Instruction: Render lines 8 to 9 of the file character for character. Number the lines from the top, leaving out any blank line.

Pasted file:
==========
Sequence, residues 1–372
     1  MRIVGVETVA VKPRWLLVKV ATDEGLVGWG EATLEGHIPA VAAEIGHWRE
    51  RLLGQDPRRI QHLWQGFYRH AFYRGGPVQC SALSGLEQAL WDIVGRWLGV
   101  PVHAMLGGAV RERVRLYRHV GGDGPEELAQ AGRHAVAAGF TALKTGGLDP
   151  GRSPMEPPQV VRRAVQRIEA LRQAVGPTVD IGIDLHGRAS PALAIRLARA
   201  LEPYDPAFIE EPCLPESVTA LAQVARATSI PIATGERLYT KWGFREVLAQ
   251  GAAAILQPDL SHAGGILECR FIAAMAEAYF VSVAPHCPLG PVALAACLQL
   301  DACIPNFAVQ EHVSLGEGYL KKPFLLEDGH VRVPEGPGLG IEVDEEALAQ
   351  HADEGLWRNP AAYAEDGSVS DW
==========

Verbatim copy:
   301  DACIPNFAVQ EHVSLGEGYL KKPFLLEDGH VRVPEGPGLG IEVDEEALAQ
   351  HADEGLWRNP AAYAEDGSVS DW